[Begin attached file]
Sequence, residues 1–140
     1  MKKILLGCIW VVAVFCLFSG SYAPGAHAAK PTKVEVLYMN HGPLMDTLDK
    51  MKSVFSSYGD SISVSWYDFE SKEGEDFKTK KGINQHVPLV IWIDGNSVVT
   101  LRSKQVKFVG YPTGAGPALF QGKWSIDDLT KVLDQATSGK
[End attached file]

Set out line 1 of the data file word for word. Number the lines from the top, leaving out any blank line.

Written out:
Sequence, residues 1–140